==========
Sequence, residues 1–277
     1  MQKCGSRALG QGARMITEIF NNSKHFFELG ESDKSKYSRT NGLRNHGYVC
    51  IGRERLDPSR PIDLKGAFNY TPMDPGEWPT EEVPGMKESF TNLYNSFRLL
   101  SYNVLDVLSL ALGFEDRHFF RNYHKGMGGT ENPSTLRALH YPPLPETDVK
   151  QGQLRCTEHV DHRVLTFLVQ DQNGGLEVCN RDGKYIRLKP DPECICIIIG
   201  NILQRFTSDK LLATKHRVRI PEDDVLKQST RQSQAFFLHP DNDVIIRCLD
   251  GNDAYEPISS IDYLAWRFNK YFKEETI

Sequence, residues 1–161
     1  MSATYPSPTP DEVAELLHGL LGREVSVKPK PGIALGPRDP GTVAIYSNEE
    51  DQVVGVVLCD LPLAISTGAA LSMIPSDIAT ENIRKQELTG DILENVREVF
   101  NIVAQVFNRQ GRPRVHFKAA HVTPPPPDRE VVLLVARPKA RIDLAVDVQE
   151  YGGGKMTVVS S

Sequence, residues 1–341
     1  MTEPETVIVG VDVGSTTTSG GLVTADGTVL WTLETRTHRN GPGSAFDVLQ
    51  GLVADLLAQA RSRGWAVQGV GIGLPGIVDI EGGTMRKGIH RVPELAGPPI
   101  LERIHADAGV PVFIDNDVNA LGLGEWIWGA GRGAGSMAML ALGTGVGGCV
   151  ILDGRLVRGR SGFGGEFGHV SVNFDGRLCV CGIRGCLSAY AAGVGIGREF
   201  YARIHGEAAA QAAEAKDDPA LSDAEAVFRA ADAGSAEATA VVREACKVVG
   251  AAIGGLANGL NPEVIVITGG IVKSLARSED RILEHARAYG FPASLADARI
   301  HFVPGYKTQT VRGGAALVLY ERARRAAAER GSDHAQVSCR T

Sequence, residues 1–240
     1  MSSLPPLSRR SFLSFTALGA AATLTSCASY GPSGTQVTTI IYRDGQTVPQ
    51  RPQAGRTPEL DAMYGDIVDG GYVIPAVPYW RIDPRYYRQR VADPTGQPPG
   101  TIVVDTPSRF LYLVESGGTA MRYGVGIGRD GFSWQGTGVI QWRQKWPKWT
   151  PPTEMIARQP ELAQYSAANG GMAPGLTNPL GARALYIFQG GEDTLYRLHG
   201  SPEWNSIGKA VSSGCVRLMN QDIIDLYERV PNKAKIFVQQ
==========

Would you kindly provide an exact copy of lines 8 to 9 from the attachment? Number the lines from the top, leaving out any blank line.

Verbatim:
Sequence, residues 1–161
     1  MSATYPSPTP DEVAELLHGL LGREVSVKPK PGIALGPRDP GTVAIYSNEE